our love hate relationship with the coco tree

our love-hate relationship with the coconut tree

One of the headaches of living in Mexico is the constant garden maintenance. Whether you have a full yard of greenery or a few pieces of decorative trees at the edge of your property, anticipate maintenance as a year round requirement here.

One of the most notoriously loved / hated trees in these tropical parts are the cocoas. While lovely to look at and truly tropical, they are a lot of work. Since everything here grows year round, we tend to have a fast growing season and then a really fast growing season, which are during the summer months when both the heat and humidity sky rocket at the same time.

When you have mature trees here, they’ll start producing fruit and they rarely stop. Cocoa trees produce year round and if left untrimmed, will produce an over abundance of cocoas. I can hear some of you cheering out there, but as a local, this is the last thing you want.

An over abundance of cocoas in any public place means potential disaster. Living here, you often (and I mean really often) hear them fall from several-meter-tall trees to splat on the street below.

When they land, they crack open (to the joy of ants everywhere), releasing the water inside. The danger is being under them. Cocos release from the trees without warning and can land on anything below, including you and vehicles.

Over the years I’ve had many fall near me, landing on the ground with their familiar thunk! I’ve also seen many cocoas take out windshields. If you have a tree on your property and a cocoa lands on a car, it can be costly.

Cocoa meets car windshield

Homeowners and landowners spend a lot of money to get rid of these troublesome cocoas. Even where I go camping, the trees are rid of their fruit before a tent is allowed underneath, regardless of how young/old the cocoas are because again, they release without warning. I got here before the cocoas were cut, so they had to do it with my tent in place.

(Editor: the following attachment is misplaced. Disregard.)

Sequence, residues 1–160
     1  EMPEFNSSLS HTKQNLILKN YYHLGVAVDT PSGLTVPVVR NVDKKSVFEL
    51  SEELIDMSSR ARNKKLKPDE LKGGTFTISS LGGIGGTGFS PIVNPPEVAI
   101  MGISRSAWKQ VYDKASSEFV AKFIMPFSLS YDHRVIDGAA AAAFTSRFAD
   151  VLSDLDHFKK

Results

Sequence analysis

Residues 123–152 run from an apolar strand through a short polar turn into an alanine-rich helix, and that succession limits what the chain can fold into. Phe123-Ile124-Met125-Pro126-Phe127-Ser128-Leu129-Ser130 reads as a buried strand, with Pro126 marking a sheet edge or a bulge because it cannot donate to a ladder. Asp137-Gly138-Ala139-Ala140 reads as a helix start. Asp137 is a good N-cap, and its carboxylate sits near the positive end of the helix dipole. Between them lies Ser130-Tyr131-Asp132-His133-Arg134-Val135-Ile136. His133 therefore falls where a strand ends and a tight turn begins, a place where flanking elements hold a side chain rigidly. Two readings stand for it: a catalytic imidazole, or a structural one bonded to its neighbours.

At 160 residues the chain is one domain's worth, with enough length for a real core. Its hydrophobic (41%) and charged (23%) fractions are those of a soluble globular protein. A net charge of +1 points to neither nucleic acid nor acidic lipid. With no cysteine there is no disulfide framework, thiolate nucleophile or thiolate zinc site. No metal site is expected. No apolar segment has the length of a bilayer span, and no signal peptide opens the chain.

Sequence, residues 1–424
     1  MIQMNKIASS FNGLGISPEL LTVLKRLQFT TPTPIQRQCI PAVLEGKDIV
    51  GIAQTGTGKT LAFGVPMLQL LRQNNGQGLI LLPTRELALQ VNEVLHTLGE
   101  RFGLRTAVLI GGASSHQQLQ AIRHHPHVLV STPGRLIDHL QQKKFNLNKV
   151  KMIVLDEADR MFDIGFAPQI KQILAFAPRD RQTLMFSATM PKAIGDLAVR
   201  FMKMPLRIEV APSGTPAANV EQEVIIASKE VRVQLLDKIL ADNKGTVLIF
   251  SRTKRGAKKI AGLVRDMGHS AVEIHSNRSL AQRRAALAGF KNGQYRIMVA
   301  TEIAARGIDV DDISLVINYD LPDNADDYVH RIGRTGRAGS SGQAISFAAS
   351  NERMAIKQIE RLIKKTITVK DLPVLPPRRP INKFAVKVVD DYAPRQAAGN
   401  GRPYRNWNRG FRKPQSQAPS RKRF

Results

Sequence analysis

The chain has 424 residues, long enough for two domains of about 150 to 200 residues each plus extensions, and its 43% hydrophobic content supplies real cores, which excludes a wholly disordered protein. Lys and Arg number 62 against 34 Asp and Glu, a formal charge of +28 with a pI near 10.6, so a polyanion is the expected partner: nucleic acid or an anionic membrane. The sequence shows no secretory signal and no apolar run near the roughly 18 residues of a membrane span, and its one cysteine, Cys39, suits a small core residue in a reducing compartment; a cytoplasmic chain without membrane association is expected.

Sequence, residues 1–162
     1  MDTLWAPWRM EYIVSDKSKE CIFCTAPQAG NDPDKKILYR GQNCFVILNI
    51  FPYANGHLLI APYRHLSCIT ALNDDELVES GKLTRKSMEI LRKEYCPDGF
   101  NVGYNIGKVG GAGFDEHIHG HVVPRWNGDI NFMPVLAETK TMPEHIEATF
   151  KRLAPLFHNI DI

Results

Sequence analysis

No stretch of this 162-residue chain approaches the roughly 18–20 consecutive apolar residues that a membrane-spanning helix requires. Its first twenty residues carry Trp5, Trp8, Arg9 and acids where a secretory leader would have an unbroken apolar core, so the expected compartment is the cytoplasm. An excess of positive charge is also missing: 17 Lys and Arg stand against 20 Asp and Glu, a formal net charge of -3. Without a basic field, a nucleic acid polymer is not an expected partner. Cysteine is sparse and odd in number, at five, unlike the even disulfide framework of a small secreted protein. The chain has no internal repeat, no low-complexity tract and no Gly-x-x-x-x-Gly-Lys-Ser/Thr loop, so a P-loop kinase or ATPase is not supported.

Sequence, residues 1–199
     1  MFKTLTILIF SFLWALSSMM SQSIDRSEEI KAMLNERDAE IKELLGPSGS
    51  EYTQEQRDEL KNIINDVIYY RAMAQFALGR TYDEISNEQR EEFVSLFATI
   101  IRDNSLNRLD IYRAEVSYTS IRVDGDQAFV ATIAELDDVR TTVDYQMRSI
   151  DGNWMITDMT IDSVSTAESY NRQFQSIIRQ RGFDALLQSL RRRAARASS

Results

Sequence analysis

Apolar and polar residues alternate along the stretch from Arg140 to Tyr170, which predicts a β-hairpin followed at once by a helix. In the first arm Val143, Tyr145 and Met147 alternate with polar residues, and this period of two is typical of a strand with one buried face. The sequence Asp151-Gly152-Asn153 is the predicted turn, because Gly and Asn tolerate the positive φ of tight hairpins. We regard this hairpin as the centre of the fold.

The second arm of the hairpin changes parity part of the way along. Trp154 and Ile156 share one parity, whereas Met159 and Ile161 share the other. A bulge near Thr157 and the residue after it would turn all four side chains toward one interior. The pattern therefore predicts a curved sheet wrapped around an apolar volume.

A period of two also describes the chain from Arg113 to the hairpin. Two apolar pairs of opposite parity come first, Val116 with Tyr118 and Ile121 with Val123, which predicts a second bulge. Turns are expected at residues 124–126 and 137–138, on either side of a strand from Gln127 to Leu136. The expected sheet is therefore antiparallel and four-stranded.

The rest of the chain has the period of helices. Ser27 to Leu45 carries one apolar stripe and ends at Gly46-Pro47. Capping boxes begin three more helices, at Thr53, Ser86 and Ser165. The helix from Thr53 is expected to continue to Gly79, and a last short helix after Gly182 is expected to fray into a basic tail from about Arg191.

Guys cutting cocoas from a tree my tent was pitched under. They had the longest ladder I’d ever seen!

During the nights, there are a lot of animals that crawl up the trees to enjoy what they can of the smaller cocoas, which often end up on the ground since they’re only attached to the tree by a thin cord. Fat furry animal gnawing at a cocoa cord long enough, or trying to hang from it, often results in the cocoa breaking free and falling.

By law, you are also not permitted to cut down cocoa trees. Well, not just cocoa trees, any tree more than a meter in height unless you have a permit (such as for construction or the tree is infected or it’s already dead).

My neighbor recently came back from holidays to find his loaded with cocoas. Two guys arrived with machetes and a truck to tend to the usual cutting of the trees. You can see (in the main photo) how only three or four palms were left on each tree and all the cocoas cut. There are more than four dozen laying on his lawn, but don’t worry. They don’t go to waste.

More than 40 cocoas were cut from his two tall trees

A few of us passing by opted for fresh cocoa water (since he was cutting). You just need a guy like this with a machete like that to lop off the top until he hits the center. Once there, a small hole appears where you can drink the water.

With an incredibly sharp machete, he cuts the top until he reaches the center where you can drink the water.

After that, you can also cut the cocoa open and spoon out the soft white meat inside, a personal favorite of mine. The cocoas are hauled away and consumed by the guys who cut the trees. While tourists pay to have cocoas, the locals pay to get rid of them!